2020 was a year we will never forget: a pandemic that upended our lives, killings that sparked a nationwide movement to fight racism, a devastating wildfire season and a tumultuous election.
Even as we faced tragedy and sought to end inequities, we also shared moments of joy and curiosity, pride and hope. And we were sustained by the enduring power of education and the unwavering strength of the UW community.
Scroll on for glimpses of the diversity and depth of experiences across the UW in 2020 — the front-line workers caring for our health and safety, the students and faculty who inspired us every day, and the moments that brought us all together.
Photography by Mark Stone, Dennis Wise, Quinn Russell Brown and Ryan Moriarty. Each photograph was taken following the appropriate safety protocols at the time.
2020 was barely underway when the first snow of the decade arrived, snarling traffic and canceling classes — but rewarding locals with rare scenes of a wintry campus. Just months later, though the Quad was closed to the usual crowds of spring visitors, the UW’s famed cherry blossoms emerged with their annual splendor.
At the nation’s first epicenter of the COVID-19 pandemic, health experts from across the UW and front-line workers throughout UW Medicine played a central role in our state and country — leading the way in testing; providing models and guidance to local, state and national government; researching and developing vaccines; and caring for patients and our communities.
At the same time, UW discoveries pointed the way to new therapies for COVID-19 and many other diseases, including research honored with the 2021 Breakthrough Prize.
While most students, faculty and staff worked remotely during the COVID-19 pandemic, essential staff continued their vital roles on campus.
Anthony Cheng (’20), Jaimée Marsh (’09) and Valerie Schweigert (’17) found comfort and support at the Q Center, which provides community and services for UW students, faculty, staff and alumni of all sexual and gender orientations, identities and expressions. In response to the pandemic, the Q Center has created many ways to connect virtually.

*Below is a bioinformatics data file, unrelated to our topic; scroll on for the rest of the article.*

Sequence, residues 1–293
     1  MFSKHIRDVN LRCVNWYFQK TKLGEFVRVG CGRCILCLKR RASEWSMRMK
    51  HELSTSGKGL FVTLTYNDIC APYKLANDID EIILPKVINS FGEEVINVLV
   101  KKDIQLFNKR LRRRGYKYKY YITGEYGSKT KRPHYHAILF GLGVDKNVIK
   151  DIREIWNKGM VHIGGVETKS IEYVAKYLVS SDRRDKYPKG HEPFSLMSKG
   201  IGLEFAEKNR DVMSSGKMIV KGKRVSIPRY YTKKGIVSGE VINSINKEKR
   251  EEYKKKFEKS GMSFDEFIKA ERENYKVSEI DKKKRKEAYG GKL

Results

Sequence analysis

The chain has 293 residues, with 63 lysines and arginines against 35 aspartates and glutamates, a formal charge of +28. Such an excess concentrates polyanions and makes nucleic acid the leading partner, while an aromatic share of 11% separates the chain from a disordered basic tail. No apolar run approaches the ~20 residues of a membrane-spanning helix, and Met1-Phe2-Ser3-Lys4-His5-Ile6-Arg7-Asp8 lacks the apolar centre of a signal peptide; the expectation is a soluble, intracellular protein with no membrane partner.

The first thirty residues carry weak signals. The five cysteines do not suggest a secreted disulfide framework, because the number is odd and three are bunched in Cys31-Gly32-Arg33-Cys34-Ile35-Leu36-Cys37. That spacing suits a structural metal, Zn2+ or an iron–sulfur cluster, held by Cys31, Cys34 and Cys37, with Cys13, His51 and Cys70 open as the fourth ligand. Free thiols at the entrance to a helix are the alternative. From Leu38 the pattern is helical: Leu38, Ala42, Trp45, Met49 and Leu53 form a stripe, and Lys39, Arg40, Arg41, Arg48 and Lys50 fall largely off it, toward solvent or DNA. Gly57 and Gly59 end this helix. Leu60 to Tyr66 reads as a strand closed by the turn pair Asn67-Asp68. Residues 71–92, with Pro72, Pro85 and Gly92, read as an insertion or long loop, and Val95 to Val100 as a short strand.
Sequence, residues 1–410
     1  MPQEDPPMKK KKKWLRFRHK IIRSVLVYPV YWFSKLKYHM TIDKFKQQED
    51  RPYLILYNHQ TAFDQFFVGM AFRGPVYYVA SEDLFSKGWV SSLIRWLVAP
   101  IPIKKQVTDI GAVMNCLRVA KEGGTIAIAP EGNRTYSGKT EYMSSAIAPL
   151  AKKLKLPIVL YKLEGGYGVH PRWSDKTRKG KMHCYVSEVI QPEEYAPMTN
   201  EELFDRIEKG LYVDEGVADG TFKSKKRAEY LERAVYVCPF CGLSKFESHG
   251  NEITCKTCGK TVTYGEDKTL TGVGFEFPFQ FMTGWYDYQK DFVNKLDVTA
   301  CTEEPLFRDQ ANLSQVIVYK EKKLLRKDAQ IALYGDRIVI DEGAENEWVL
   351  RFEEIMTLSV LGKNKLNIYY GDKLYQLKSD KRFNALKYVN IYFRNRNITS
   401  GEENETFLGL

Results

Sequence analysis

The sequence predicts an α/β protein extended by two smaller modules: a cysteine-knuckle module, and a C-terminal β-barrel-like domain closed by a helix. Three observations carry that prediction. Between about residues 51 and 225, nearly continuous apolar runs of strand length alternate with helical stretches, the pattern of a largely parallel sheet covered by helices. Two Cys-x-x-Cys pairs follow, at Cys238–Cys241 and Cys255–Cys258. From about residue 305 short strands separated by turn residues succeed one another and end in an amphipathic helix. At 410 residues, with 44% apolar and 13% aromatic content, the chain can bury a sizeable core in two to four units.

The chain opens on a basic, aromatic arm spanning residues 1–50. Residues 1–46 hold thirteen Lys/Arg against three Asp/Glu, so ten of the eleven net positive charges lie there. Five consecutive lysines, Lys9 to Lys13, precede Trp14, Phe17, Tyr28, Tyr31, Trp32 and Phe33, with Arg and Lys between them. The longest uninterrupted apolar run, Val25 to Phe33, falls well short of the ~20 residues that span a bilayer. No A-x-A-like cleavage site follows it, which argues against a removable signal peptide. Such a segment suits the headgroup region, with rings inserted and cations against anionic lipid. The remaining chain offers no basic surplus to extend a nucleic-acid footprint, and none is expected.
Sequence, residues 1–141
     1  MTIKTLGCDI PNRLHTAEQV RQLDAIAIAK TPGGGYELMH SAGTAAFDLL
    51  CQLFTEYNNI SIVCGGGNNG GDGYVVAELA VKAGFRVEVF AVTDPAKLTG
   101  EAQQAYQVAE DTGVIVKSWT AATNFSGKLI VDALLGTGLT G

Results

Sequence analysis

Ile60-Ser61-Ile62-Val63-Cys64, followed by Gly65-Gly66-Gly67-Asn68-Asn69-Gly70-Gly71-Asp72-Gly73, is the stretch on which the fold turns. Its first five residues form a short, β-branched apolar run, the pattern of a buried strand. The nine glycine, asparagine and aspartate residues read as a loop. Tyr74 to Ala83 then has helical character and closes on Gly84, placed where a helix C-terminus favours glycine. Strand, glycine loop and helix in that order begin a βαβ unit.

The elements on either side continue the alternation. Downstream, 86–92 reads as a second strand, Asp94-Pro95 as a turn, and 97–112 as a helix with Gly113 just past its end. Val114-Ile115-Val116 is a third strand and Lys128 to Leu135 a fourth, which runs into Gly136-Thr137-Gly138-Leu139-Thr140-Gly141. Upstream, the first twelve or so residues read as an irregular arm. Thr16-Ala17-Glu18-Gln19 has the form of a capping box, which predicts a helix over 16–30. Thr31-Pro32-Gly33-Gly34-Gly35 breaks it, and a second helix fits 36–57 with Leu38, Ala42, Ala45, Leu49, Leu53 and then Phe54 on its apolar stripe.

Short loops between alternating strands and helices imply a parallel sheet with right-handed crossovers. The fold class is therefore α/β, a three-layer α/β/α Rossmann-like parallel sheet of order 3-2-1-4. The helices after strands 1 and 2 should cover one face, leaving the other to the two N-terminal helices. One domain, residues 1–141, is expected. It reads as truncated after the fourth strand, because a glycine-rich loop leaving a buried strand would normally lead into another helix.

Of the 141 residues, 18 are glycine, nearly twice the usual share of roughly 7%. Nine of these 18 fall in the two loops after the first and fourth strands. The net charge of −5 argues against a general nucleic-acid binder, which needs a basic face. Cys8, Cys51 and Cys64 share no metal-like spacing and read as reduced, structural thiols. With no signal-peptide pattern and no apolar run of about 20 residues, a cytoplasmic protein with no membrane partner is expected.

Louis Maliyam, ’21, came to the U.S. to study computer science. Along the way, he discovered dance. In late spring, Maliyam took center stage on an otherwise empty Red Square.
A team of UW researchers — including Michele Buonaduci and Jenna Morris, graduate students in the lab of Assistant Professor of Environmental and Forest Sciences Brian Harvey — continue to collect data at the site of the 2017 Norse Peak fire. As wildfires grow more frequent and severe, UW researchers are helping our region create a path forward — for the health of our forests and all who live here.
Matt Tolentino, a UW Tacoma professor of computer engineering, founded a technology startup to help firefighters and other first responders track their personnel once they enter a scene. Tolentino has worked with the Tacoma Fire Department to test his technology at educational controlled burns like the one pictured here.
“We need an urgent shift in the climate and system. It must be steeped in anti-racism, anti-colonialism and any other form of acting against discrimination,” wrote Claire Gwayi-Chore, a global health Ph.D. student, in a special edition of the UW’s Viewpoints magazine highlighting Black voices. Gwayi-Chore was one of several UW community members calling for structural change to address systemic racism.
Renee Cantarini, an associate teaching professor in the School of Nursing, teaches a course in the Simulation Center. Reopened after implementing strict COVID-19 safety protocols, the Sim Center gives nursing students a safe and supportive way to learn and practice important hands-on skills.
Though the pandemic prevented us from honoring our veterans in person this year, the UW celebrated Veterans Day virtually. “In this incredibly challenging year, which has contained so much sadness and loss,” said President Cauce, “let us use this Veterans Day to renew our commitment to those who have put service to country first.”
Through “We Are First Generation," UW Tacoma celebrates its many students, staff and faculty who are the first in their families to go to college. More than half the UW Tacoma student population is first-generation.
Its construction completed in the fall, the Hans Rosling Center for Population Health is a collaborative hub for addressing critical issues including poverty, equity, health-care access and climate change.
Originally published December 2020